The Royal Automobile Club (RAC) of Western Australia has introduced the worlds first Attention powered car. Did you pay attention to the announcement?
How it works
Using brainwaves, the driver wears a headset while driving. The headset measures brain activity in real-time and monitors if the driver is focused by measuring the following criteria; engagement, excitement, fatigue, head movement rate and distraction. If the driver loses focus due to say, a sudden text message on their mobile phone and tries to take a sneak peek, the device will detect that the driver has lost focus, and ‘reacts’ by slowing down the vehicle. As discussed earlier, hands free technology doesn’t help minimize risk, so going along this particular route may be a step in the right direction.
The Car slows down if at least one of these 3 things happen:
1. You switch tasks. i.e. your attention goes from the road to the radio.2. Your neural activity dips, or your blink and eye scan rate slows significantly i.e. you’re zoning out or fatigued.
3. The in-built Gyroscope detects that you’ve significantly turned your head away from the road.
Just like Sri Lanka, road safety is an issue around the world, with inattentive driving causing upto 12% of all motor accidents in Western Australia. Granted, the vehicle doesn’t look to be something which average motorists would buy-its highly unlikely that motorists would be inclined to wear a headset every time they go behind the wheel. Its a great tool to fight driver distraction but the results of these findings could be implemented in another way, say by creating an alarm which alerts motorists that they aren’t paying attention.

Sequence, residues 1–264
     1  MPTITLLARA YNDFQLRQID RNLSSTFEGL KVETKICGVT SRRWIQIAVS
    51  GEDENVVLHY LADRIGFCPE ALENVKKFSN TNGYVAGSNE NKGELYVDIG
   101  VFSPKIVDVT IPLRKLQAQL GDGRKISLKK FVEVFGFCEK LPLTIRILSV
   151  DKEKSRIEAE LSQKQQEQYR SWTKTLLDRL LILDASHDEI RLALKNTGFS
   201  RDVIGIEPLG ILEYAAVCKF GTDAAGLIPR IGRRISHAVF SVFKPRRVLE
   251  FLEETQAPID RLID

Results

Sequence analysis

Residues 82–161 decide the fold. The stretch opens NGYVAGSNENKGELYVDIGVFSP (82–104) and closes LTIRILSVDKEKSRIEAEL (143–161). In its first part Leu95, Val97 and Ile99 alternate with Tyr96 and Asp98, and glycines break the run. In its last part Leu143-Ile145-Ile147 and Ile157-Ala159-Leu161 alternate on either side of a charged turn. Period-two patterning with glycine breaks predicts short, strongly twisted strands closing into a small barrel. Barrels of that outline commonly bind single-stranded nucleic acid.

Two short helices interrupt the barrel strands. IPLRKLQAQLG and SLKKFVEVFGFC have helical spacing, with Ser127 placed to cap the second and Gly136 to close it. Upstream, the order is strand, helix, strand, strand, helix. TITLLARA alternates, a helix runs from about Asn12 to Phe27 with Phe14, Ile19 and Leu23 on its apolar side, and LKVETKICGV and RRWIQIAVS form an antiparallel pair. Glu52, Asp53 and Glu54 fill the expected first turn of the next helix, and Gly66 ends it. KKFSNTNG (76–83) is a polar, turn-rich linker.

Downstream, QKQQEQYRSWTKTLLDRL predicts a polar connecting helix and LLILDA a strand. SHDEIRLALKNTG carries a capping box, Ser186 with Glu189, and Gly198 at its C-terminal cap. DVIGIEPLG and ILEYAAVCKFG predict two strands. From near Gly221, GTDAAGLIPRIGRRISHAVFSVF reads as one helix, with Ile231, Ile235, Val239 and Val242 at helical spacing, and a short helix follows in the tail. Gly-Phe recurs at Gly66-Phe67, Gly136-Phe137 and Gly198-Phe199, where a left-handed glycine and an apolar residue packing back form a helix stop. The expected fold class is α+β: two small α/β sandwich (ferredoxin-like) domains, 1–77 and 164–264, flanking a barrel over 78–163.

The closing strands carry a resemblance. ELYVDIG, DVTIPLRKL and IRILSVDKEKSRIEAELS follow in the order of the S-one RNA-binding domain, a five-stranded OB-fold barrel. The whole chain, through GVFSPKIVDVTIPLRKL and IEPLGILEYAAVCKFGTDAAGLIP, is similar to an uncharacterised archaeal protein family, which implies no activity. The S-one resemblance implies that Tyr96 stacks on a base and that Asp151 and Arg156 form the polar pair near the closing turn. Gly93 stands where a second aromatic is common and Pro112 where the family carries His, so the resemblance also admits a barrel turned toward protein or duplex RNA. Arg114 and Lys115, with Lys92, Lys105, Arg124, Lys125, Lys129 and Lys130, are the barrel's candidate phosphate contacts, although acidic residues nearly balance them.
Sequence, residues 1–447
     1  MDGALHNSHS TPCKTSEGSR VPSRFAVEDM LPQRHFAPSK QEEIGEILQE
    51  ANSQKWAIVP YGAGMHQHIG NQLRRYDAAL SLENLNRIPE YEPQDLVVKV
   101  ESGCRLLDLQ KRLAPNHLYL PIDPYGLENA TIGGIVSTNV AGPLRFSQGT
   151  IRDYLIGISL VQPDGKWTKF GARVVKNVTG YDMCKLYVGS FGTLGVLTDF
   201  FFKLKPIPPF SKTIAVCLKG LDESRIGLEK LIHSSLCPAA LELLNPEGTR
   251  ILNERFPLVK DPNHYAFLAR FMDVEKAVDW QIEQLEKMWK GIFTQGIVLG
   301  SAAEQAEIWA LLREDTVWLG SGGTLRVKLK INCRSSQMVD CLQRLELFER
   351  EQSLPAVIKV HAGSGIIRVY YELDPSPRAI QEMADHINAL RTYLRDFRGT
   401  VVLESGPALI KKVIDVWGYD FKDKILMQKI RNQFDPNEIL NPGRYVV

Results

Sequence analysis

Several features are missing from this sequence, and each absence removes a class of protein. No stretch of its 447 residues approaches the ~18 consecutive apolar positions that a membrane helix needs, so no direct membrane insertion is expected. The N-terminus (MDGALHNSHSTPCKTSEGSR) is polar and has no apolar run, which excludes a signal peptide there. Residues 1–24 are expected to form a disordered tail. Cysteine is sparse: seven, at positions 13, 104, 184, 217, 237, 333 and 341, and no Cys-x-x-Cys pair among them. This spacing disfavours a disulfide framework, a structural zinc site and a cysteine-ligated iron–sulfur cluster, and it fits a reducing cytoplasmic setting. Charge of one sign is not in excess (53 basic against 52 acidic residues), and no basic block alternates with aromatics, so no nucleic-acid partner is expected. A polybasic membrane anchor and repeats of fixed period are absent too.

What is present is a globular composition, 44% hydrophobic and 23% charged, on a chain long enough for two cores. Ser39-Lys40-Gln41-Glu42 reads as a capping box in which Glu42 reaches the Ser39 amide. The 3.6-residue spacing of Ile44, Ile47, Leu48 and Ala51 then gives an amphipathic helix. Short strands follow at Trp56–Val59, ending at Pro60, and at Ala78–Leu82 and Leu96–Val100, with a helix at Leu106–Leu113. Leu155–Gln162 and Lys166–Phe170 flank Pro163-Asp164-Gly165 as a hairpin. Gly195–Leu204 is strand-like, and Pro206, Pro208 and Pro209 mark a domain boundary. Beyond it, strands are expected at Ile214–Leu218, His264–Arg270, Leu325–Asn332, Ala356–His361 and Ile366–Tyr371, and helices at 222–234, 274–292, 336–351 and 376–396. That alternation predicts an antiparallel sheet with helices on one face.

We are very excited about this technology. However, we want your thoughts. Tell us what you think in the comments!
Disclaimer: The views shared in this blog are based on the macro economic conditions & industry status quo as per the time of publishing.
Find out More: Inattention, For The Better. [Accessed 13th November 2014].
Find out More: RAC’s Attention Powered Car, For The Better. [Accessed 13th November 2014].